Dog training – Pit bull versus terrier mix

It’s been a little while since I wrote a dog-oriented post… about a month 🙂 Less than 😉 Here’s a little video that well displays the differences between Lupe, the terrier mix, and Mesa, the pit bull mix.

Lupe is incredibly defiant. He is not ashamed of his awful behavior. If a treat is involved, he will agree to do what I say…. but he must protest. Mesa, on the other hand, wants so badly to please. Look how great she does in the face of Lupe’s distraction! She is calm, she loves obedience training and her bulk means she often bullies her way to the treats faster. They are such opposites. Lupe, horrible to train – is supremely gentle and laid-back with people and other animals. Mesa, a pleasure to train, wants to kill other animals and is fearful of people. Giving them both what they need is a challenge – but one I honestly enjoy attempting to achieve.

This afternoon, I spoke with a “professional dog trainer” about Mesa’s behavior problems. She goes INSANE when she sees another dog on a walk (on leash). At the dog park, she charges other dogs so that they fear for their safety. More than once, she has been taken down by another dog at the dog park. Yet she is seen as the aggressor, because of her excitement and what one owner called: “Balls.” We don’t go to dog parks anymore. She growls over bones, toys and her people. She bit the vetrinarian’s dog at my second job. She is not easy. Though I love working with dogs, I am at a loss sometimes with Mesa because I don’t know how to treat her aggression/ reactiveness.

So I called this professional lady. She was extremely UNHELPFUL and even got to the point of pissing me off. As people who know me understand… “pissing me off” is a pretty hard line to cross! I anger slowly…. except when it comes to my babies, it seems!

However, one of the things this Professional told me was that I should put Mesa in doggie daycare more regularly. See, the last time I brought her, she attempted to jump the 8 foot fence. It freaked me out! It’s a chainlink fence and I’ve heard stories of dogs getting their legs caught and broken in those things. And Mesa – she can jump! She clears our 6 foot fence. She’s a little girl, but she’s got some propelling butt muscles!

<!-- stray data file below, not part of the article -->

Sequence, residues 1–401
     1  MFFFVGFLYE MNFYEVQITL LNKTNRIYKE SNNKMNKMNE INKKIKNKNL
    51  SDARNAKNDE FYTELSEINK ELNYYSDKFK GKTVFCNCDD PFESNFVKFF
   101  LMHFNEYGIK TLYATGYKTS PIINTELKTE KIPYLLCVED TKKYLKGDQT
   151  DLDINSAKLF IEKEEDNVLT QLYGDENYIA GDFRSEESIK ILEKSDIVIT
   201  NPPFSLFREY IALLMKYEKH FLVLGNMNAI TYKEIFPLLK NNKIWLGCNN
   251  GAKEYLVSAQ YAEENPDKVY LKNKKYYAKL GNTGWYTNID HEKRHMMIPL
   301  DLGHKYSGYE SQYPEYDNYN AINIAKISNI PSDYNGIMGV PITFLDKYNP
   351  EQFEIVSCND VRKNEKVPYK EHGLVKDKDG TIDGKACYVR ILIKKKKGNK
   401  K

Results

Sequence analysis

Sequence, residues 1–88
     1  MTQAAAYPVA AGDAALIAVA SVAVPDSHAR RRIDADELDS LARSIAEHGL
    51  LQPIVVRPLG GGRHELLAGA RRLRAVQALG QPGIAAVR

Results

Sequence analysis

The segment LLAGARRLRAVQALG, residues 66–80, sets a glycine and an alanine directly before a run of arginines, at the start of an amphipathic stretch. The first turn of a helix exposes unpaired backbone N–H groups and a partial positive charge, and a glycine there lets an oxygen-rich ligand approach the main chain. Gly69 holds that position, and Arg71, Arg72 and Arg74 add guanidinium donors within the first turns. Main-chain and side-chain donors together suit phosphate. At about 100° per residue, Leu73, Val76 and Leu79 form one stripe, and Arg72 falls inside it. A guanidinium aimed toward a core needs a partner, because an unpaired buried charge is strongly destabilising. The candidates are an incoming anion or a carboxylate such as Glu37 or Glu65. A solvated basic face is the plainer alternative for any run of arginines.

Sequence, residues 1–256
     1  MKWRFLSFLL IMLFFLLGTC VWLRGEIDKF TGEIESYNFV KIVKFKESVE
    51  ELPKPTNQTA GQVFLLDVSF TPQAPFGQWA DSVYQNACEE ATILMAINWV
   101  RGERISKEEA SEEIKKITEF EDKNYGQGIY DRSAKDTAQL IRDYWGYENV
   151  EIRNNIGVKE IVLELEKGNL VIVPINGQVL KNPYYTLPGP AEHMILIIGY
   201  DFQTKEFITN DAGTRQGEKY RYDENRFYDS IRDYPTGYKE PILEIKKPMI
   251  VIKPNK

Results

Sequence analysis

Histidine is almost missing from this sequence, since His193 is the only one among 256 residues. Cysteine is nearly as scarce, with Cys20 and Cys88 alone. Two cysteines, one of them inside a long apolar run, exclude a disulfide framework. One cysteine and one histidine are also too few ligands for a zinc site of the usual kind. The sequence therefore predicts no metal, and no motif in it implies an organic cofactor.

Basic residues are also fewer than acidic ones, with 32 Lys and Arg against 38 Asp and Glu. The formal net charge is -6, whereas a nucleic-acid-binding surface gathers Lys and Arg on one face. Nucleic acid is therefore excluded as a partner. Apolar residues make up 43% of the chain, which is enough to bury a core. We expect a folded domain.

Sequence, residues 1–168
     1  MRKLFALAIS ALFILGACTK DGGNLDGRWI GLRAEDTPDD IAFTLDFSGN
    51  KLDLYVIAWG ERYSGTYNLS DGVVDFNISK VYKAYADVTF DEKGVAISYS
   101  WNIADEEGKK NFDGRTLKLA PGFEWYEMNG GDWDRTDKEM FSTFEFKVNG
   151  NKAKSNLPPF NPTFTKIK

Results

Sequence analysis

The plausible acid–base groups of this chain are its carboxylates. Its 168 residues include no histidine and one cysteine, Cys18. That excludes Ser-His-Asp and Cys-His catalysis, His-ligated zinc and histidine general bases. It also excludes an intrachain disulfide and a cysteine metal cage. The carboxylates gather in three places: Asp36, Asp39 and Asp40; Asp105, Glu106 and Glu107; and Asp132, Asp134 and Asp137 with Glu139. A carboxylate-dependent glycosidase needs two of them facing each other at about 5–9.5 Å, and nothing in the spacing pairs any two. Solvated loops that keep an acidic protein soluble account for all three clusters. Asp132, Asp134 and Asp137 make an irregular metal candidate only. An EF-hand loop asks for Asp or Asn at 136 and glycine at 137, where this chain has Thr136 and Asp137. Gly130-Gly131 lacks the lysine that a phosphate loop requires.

However, the Professional said something that made sense to me. She said: Putting Mesa in daycare for a few hours helps her learn to “self-soothe.” Now, I’ve heard that term only in regards to human baby sleeping. But I know what it means and it actually makes sense in Mesa’s case. She has such anxiety from being seperated from me, in a lonely place – like a doggie daycare – similar to a baby in a nursery – she needs to find a way to cope from her own brain. Much like a human baby would in a nursery, alone. And it needs to be a consistent experience. She’ll go there often enough she’ll hopefully, eventually, relax in the presence of other dogs, other people, other strange places. And it will build her up. Just like it would build up a baby, to trust itself and its environment.

It’s so hard, isn’t it? As a parent? Of either a human or your best canine friend… to know when it is best for THEM to learn on their own. That you cannot always be there to protect them, and they must learn to be stable, strong, wonderful individuals on their own, without you?

Man, it’s so hard for me with Mesa!

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One thought on “Dog training – Pit bull versus terrier mix

  1. You take such good care of your pack, I’m sorry that trainer was a jerk! I think it’s hard for people to understand that a tough-looking lady like Mesa can be so fearful, and it’s really unhelpful to just call that aggression. For me, working with a dog trainer felt a lot like working with a therapist. Even if someone knows all about dogs, they need to be someone who makes you feel comfortable.

    One of my favorite dog bloggers has been writing about working through similar issues as Mesa’s, and she recommends some good books about training reactive dogs:
    http://ohmydogblog.com/2013/04/reactive-dog-training/
    http://ohmydogblog.com/2013/07/the-literature-of-reactive-dogs/

    -Robyn

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